In Instruction 22, above stated, we have italicized the parts of it of which defendant particularly complains. He contends that these parts invade the province of the jury and infringe upon its exclusive right to pass upon the weight and credibility of the evidence. In State v. Bittner, 209 Iowa 109, 114-115, 227 N.W. 601, 603, there was a similar "confession", which the court referred to as "statements or confessions of fact." The court's instruction thereon does not appear in full in the printed report, but an examination of the abstract in that appeal shows that Instruction 22 in the case at bar, was a substantial *314 duplicate of Instruction 16 in the Bittner case, of which this court in affirming the judgment said: "The trial judge, in the instant case, must have had before him the opinion in State v. Brown, 48 Iowa 382. The declared law of the case, supra, is still the law of Iowa. The trial court, in the instant case, properly guarded the defendant in every respect relative to the facts which tended to show his guilt of the crime charged." In the latter case, 48 Iowa on pages 383-384, the court said: "* * * and the court instructed the jury in these words: `When it is shown that a public offense has been committed, free and voluntary confessions of guilt, or of facts necessarily tending to show his guilt, by the party accused, are, by the law, presumed to be true, and are entitled to the highest credit and greatest weight as evidence of such fact or facts; but such confessions will not warrant a conviction, unless they are accompanied by other evidence that the crime has been committed.' * * * The instruction given by the court upon this subject, when considered in the light of the facts of the case, was correct. The evidence, without conflict, showed a free and voluntary confession of the crime, with all its particulars. In such cases the confession is entitled to the highest credit and greatest weight as evidence. Wheaton's American Criminal Law, 313; 1 Greenleaf on Evidence, § 215."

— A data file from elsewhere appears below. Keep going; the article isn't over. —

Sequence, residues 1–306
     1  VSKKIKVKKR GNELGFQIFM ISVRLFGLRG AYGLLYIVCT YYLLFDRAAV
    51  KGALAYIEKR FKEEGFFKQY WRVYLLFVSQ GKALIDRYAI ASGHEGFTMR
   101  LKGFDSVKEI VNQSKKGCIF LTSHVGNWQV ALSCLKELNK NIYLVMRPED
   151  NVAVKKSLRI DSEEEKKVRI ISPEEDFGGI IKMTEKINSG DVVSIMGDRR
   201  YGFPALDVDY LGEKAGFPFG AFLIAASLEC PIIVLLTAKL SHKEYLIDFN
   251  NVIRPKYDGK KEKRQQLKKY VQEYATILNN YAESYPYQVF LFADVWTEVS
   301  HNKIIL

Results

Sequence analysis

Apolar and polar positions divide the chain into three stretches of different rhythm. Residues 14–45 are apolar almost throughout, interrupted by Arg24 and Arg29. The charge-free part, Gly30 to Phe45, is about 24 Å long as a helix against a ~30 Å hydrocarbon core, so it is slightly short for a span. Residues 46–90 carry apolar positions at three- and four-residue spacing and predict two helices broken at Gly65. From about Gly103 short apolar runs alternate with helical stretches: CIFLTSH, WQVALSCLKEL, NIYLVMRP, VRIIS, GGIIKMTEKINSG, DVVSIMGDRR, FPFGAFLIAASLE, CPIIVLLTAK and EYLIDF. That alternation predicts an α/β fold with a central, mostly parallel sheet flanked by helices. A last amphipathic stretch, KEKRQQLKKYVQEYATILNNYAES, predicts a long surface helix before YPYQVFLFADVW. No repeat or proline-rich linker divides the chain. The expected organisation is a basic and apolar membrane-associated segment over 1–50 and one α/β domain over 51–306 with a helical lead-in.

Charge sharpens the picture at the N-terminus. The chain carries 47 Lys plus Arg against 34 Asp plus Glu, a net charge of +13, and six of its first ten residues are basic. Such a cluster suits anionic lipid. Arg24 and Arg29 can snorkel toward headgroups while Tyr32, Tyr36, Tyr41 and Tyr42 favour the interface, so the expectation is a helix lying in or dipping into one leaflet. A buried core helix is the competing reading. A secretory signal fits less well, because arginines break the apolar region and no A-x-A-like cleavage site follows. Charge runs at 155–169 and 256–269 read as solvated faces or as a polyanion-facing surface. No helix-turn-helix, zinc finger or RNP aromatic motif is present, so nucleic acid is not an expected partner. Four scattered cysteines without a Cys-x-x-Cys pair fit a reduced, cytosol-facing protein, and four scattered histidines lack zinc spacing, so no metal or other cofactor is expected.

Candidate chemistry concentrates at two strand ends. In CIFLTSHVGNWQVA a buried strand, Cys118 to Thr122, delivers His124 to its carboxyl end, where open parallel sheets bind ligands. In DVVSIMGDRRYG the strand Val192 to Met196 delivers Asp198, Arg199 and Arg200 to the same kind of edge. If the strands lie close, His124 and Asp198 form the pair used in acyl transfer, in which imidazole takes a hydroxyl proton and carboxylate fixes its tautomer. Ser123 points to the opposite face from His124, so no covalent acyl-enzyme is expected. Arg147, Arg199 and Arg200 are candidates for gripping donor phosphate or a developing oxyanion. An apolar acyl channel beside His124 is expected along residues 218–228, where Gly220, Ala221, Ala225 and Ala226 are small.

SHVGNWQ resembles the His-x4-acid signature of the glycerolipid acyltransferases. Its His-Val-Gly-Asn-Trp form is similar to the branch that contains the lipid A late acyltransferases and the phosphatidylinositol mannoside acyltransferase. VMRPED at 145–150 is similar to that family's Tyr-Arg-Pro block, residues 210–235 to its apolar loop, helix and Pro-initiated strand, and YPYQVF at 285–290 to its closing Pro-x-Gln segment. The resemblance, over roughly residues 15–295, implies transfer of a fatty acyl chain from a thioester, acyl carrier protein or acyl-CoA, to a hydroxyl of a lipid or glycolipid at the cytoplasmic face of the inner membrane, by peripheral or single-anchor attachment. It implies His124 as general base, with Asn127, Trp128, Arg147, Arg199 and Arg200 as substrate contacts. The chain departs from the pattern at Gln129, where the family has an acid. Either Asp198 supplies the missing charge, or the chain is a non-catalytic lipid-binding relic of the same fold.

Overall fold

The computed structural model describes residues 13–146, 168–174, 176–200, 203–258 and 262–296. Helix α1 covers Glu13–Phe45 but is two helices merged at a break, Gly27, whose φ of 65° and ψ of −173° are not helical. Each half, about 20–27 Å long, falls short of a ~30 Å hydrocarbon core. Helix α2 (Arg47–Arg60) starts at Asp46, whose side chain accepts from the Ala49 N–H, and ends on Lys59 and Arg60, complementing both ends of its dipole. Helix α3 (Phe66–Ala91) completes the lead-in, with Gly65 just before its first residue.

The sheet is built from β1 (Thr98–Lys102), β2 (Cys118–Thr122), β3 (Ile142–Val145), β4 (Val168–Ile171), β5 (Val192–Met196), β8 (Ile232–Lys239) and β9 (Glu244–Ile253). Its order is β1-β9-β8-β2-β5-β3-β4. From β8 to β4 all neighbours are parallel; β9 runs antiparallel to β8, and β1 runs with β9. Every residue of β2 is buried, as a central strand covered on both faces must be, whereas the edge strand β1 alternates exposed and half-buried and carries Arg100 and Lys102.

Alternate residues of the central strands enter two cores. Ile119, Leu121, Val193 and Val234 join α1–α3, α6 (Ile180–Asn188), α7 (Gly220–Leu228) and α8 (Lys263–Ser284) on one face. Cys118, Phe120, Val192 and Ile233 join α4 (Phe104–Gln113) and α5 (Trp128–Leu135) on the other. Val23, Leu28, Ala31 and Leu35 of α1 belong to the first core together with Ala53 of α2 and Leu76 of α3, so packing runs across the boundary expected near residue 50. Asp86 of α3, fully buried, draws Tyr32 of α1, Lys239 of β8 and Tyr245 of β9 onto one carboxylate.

In criticism of Instruction 22, defendant cites State v. Willing, 129 Iowa 72, 75-76, 105 N.W. 355, 356. In that opinion the court disapproved of an instruction stating that evidence of admissions of defendant understandingly made, and correctly remembered by witnesses who substantially repeated them as witnesses were "entitled to great weight". The writer of the opinion, overlooking State v. Brown, supra, 48 Iowa 382, stated: "Our attention is called to no precedent among our cases for thus determining the weight of evidence as a matter of law, and we are not disposed to establish one."